In case you don’t recall, Ben Bernanke famously said the sub-prime crisis was “contained” in 2007. Of course, it was just beginning to spiral out of control and a few short months later we found out how far behind the curve the Fed was. Well, in comments to Congress in July we now know that the Chairman views the euro crisis in a similar light (via CNBC):
“While a recent report showed that U.S. financial companies have nearly $200 billion in net exposure to Greece, Ireland, and Portugal, the amount is “manageable relative to their capital,” according to a July 14 letter Federal Reserve Chairman Ben Bernanke wrote to members of Congress.
Bernanke warned, however, that “a sovereign credit event in the region could affect a broad range of markets and financial institutions,” including those outside of Europe.”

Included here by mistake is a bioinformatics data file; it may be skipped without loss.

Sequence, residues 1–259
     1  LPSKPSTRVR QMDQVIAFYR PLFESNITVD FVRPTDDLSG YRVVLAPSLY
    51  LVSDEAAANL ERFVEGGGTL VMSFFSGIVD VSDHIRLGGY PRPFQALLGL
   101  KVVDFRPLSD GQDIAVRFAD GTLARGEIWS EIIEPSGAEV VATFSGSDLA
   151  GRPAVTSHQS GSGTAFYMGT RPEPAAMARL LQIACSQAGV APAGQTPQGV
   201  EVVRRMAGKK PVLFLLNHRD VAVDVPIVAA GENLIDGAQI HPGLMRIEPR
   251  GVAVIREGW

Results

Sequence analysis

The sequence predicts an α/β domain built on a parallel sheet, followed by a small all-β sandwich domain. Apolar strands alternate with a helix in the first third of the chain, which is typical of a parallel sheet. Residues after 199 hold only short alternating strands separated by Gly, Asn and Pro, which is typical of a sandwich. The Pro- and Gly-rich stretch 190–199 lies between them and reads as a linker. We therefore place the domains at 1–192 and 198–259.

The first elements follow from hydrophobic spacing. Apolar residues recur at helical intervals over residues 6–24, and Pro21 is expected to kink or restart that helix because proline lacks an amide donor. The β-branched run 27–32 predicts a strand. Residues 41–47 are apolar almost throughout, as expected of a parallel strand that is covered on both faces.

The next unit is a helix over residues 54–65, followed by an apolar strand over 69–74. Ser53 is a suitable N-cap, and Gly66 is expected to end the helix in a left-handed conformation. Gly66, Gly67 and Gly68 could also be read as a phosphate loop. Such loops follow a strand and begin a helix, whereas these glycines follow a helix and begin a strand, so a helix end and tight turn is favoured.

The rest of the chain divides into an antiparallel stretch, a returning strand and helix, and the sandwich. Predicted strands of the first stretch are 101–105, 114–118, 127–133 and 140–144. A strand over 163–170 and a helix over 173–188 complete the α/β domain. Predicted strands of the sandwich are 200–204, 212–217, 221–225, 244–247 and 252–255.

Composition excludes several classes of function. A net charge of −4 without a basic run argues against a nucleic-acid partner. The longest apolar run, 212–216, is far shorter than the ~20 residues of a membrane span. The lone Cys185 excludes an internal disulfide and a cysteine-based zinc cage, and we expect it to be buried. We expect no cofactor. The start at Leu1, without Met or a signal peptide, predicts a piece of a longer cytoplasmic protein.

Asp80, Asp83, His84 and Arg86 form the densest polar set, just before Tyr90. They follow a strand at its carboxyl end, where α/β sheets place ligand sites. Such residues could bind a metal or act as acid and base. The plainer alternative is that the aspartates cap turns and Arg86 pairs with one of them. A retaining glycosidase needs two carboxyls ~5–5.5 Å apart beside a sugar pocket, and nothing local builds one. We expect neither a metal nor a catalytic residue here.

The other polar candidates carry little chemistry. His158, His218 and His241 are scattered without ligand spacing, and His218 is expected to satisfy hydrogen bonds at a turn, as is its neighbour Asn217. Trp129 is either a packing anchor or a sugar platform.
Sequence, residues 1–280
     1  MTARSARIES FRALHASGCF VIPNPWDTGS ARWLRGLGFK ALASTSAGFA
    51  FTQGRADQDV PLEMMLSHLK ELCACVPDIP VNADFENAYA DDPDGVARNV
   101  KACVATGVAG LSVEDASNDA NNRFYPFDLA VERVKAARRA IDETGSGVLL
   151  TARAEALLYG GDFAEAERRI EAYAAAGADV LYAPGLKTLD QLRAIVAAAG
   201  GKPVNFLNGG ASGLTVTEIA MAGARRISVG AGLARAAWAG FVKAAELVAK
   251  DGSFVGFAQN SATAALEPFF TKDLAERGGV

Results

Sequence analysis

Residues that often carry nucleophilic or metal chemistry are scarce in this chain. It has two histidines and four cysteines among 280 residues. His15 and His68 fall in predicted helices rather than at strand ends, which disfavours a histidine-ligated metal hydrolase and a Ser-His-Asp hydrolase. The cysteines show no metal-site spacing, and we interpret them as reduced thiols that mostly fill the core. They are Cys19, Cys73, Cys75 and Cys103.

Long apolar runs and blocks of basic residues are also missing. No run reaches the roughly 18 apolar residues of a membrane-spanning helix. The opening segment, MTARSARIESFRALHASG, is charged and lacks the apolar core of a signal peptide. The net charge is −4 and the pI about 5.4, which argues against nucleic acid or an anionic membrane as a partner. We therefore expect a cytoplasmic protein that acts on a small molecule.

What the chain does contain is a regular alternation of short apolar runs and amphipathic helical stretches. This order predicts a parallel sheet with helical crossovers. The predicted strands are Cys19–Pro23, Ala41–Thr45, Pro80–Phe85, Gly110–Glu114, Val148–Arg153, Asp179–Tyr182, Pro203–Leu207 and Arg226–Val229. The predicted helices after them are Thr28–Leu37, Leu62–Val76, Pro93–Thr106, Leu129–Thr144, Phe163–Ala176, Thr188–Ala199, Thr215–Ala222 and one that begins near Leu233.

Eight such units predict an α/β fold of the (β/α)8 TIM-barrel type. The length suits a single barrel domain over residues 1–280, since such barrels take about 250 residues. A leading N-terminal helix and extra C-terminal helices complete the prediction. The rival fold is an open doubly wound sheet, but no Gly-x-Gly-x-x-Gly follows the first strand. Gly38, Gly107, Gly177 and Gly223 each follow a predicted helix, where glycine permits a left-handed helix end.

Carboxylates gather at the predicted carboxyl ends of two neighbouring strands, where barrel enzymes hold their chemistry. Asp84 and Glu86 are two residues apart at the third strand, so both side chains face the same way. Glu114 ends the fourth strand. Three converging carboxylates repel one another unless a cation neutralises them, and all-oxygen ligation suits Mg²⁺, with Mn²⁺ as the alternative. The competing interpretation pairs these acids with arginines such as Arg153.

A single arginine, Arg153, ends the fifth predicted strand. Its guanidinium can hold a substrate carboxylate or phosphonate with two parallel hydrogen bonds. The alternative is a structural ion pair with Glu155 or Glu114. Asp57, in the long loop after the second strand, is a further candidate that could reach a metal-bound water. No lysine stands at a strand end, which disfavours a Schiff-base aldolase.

I hate to be so hard on Ben Bernanke, but comments like this give me the impression that he is viewing the euro crisis in much the same way that he viewed the sub-prime crisis. It is all consistent with a frightening lack of proactive policy.
In 2006 and 2007 I often wrote about how reactive the Fed was by design and why this approach resulted in policy that was consistently behind the curve. What disturbs me about these comments is that the Chairman appears to once again be underestimating how damaging this crisis in Europe could be.
Granted, there’s not much he can do to stop the contagion if it were to spread, but I feel like a letter to Congress is the perfect moment to explain to these non-economists exactly how serious this environment is and why they need to stop bickering about debt ceilings and start figuring out ways to help Americans.
The Chairman of the Fed wields a mighty powerful stick. And while it’s not likely that he can get them to agree on anything these days, a better understanding of the environment and a strong message from the Chairman of the Fed would almost certainly push them in the right direction. I hope I am not being too hard on him, but I fear I am not….